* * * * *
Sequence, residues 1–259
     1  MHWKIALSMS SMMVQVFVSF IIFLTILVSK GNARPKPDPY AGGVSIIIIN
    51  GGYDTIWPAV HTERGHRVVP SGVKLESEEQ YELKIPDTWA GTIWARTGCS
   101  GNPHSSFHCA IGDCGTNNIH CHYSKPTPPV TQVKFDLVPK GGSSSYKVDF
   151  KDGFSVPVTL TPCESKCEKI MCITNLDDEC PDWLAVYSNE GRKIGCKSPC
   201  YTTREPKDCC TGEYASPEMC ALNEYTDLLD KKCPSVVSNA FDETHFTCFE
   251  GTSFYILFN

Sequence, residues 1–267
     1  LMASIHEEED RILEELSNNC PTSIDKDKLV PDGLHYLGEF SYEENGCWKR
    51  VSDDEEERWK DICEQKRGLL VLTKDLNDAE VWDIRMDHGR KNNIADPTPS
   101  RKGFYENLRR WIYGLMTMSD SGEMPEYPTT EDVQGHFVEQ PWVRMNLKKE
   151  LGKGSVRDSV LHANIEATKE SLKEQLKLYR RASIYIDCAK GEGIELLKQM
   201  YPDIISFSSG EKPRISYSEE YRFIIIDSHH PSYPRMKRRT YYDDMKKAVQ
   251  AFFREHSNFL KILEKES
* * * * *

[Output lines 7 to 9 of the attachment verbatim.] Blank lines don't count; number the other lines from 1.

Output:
   251  GTSFYILFN

Sequence, residues 1–267
     1  LMASIHEEED RILEELSNNC PTSIDKDKLV PDGLHYLGEF SYEENGCWKR